'Asking' Versus Forcing Folks to Pay a Little More
President Obama raised the issue of why anyone would object to asking the very rich "to give some more." As he put the matter, "What is wrong with 'asking' those who make more to pay a little more?"
As it has been pointed out by all too few people, of course, what Obama & Co. advocate isn't to ask anyone to give. It is about confiscating from them what Mr. Obama & Co. want to have available for the redistribution of wealth just as they see fit. (For, of course, you and I and other citizens are all doing some serious redistribution of our wealth already, with no need for help with this from Obama & Co.) Yet hardly anyone in the mainstream media raises this objection.
Millions of Americans, including wealthy ones like Mitt Romney, are asked to give, mostly by organizations like the American Red Cross, and they come forth with generous contributions in response to the request. I know I often do, though I am hardly what one would consider wealthy. But millions and millions send contributions to victims of tsunamis or hurricanes or other disasters.
The media is giving Obama & Co. a pass on so many fronts one wonders if they are sound asleep at the wheel. A point like the one about "asking them versus coercing them" is never raised even on the Fox TV talk programs. It is as if there were a kind of code of silence in place!
But maybe it is because so many folks, even those opposed to Obama's massive forced redistributions, support some such policies and know that if they raise the issue, then the case for taxing us all for their own pet projects − e.g., the war on drugs, aggressive wars fought abroad, etc. − paid for from such redistribution would get undermined.
The slippery slope may account for this silence. Talk of asking people gets mixed up with talk of coercing people and no one in the public forums objects. But competent journalists are supposed to discern the difference between asking and making people pay! (One can only speculate what sorts of questions are being rehearsed in schools of journalism. It doesn't seem like the students are enlightened about the difference between forcing and asking people for support.)
I am by no means being original in pointing out these matters but few if any prominent journalists, pundits, commentators, et al., make it a point to raise the issue. Why?
Posted by Owen on 10/01/12 11:16 PM
@ Danny B
Thanks for your comments.
The US government itself receives a huge amount of FRNs from dealing drugs via CIA (and other covert) operations.
The private incarceration business is a travesty, no doubt, and is "good for the economy". Justice system is broken.
The ROI doesn't really matter since the Fed can print as many FRNs as it takes to support such a corrupt MO.
Sad, but fixable by us if we can figure out how.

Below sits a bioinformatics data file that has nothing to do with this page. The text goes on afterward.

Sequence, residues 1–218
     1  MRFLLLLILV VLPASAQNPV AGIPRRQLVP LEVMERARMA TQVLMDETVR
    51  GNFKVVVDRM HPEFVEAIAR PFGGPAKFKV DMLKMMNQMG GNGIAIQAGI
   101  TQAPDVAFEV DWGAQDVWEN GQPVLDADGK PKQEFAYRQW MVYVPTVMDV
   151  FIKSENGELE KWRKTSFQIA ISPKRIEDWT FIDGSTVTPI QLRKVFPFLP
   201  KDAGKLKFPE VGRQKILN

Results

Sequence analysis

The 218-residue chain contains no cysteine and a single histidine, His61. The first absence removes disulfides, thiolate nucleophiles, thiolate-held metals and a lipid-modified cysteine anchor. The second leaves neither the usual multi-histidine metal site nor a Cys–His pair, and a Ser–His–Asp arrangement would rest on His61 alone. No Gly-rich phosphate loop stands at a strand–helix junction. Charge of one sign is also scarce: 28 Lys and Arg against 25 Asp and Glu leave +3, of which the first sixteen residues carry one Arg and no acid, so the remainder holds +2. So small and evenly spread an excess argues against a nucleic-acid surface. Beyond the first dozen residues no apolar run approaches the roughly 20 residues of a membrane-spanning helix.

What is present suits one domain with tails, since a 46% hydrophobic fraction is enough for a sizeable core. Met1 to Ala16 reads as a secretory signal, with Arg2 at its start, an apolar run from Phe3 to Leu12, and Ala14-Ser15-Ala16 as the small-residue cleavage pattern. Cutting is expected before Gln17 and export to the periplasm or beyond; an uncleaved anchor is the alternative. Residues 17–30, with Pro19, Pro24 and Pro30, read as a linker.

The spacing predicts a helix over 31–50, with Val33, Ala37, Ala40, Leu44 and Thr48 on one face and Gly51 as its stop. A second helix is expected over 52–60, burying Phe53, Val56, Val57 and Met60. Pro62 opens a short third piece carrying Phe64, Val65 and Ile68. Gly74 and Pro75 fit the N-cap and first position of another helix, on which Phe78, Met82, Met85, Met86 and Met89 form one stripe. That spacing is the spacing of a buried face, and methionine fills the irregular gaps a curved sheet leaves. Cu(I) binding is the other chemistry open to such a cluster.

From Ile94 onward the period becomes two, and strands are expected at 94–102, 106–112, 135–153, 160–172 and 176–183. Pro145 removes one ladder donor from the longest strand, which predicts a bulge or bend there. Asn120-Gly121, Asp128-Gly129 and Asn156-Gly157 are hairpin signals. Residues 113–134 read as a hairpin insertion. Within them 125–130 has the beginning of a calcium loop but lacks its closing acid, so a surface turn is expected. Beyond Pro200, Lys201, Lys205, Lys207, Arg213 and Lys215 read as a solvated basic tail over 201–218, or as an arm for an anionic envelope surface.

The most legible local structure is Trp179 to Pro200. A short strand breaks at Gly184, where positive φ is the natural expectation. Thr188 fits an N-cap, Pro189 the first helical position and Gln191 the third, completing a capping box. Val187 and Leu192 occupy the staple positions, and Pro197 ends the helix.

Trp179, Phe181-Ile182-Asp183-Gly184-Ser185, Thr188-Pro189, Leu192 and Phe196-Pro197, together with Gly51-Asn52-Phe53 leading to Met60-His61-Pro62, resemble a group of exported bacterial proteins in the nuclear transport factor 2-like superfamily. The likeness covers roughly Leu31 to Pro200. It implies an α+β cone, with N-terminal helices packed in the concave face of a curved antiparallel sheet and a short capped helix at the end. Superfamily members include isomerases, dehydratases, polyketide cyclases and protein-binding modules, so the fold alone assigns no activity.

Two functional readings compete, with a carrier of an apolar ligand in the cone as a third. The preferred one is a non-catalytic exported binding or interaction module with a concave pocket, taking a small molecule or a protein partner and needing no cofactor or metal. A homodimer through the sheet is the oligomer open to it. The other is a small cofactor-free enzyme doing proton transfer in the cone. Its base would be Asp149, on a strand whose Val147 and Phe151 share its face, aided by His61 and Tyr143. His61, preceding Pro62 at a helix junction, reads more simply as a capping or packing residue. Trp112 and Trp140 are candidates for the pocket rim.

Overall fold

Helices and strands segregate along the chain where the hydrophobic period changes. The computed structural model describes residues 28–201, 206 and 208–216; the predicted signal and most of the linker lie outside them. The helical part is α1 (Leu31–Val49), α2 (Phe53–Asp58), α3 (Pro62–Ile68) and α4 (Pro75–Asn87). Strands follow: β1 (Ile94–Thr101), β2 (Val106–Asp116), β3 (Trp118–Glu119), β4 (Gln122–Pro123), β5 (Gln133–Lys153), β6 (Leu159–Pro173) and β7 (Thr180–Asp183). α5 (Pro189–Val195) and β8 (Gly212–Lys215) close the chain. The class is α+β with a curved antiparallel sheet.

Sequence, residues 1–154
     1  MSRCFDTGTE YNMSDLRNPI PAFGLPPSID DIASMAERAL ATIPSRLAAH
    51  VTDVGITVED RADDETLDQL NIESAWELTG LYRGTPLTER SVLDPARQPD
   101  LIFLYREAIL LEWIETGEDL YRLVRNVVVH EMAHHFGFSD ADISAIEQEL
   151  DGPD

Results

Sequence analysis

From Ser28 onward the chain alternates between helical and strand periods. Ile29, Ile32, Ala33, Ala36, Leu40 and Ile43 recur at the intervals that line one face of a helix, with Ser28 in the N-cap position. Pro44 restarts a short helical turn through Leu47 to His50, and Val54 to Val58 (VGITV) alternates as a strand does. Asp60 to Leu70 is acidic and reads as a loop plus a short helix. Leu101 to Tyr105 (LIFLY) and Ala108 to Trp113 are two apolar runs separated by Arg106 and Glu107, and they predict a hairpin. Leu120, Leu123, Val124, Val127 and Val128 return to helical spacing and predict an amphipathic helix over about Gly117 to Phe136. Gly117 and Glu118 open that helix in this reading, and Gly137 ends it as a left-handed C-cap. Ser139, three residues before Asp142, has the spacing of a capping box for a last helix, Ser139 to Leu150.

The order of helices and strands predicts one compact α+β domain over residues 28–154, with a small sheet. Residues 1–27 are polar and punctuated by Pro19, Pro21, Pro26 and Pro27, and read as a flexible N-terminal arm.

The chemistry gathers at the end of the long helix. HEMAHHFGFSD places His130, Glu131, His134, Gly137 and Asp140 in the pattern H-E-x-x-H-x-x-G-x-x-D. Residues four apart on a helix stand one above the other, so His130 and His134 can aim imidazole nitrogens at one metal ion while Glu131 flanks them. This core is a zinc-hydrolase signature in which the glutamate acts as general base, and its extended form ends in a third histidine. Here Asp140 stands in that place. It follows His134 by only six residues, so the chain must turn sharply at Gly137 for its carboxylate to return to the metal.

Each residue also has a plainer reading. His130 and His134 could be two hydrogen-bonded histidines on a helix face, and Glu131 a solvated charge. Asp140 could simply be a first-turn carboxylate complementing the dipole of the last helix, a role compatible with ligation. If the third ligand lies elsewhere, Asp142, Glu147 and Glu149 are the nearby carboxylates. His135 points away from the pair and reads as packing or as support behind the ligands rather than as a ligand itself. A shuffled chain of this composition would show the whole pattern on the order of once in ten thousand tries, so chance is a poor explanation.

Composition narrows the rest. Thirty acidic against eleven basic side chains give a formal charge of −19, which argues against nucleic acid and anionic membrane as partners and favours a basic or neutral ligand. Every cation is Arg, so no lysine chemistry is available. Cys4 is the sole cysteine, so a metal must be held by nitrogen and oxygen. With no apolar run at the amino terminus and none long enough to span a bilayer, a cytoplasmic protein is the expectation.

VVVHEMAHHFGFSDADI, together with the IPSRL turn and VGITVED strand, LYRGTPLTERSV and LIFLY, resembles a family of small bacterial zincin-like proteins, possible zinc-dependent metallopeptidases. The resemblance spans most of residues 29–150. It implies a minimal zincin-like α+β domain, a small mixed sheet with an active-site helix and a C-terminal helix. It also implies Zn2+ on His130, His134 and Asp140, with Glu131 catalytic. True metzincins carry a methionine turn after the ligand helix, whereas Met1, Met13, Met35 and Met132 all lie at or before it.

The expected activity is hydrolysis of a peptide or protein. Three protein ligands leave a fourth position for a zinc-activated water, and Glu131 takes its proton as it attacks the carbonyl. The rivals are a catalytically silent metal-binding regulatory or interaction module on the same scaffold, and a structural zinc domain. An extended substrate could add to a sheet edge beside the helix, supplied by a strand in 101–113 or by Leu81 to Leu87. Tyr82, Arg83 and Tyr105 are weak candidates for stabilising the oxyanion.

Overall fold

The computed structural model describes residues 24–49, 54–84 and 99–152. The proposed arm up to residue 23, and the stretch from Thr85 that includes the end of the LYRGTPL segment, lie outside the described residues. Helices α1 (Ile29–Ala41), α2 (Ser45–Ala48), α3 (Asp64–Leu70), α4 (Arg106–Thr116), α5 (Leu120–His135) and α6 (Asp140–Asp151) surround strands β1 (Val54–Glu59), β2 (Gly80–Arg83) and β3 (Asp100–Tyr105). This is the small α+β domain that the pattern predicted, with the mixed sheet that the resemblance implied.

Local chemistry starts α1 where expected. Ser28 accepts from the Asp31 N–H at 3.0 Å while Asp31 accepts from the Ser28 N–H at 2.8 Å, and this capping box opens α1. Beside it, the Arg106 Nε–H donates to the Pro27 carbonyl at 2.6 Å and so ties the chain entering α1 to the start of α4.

Posted by Szatyor39 on 10/01/12 02:15 PM
The scare quotes around "Asking" should go. No need for them.
Posted by becky on 10/01/12 01:14 PM
the Red Cross is now run by politicos; breast cancer research, all the "pink" stuff supports the major pharmaceuticals.
Posted by Danny B on 10/01/12 11:04 AM
Tibor, re: the war on drugs. It is a common conclusion that the war on drugs is a "jobs program". It also works well at incarcerating minorities.
Here are the economic numbers for the war on drugs.
"A 2008 study by Harvard economist Jeffrey A. Miron has estimated that legalizing drugs would inject $76.8 billion a year into the U.S. economy - $44.1 billion from law enforcement savings, and at least $32.7 billion in tax revenue ($6.7 billion from marijuana, $22.5 billion from cocaine and heroin, remainder from other drugs)."
$44.1 billion is quite a big payroll.
It appears that GOV wants to keep this payroll going. Social programs are all being cut. Foodstamps are in for cuts but;
"spending 9 billion dollars more next year(33% increase) on the war on drugs "
In any question of forced distribution of resources, it is always important to ask about ROI. So while, there is nothing "good" about social credit, there should be a thorough examination of benefit. The war on drugs is WIDELY recognized as a failure. There is no way to justify an increase in funding for the war on drugs from the point of view of ROI. The war on drugs is beneficial to the court-and-prison industry. It is a good means to further saturate society with the police state. But, in the final analysis, it doesn't give a good ROI.
So, while one can decry the projected cost of social credit, one has to look at reality. Is it cheaper to provide some kind of stipend OR, is it cheaper to spend $26---$46,000 a year for incarceration? The U.S. incarceration rates are a disgrace. I'm not necessarily an advocate for social credit. I do advocate a new M.O. that has less damage and a better ROI.
Posted by Libertarian Jerry on 10/01/12 06:45 AM
If I was asking Mr.Obama about paying my "fair share" of taxes,I would ask him why should I pay my "fair share" when I never get "my fair share?"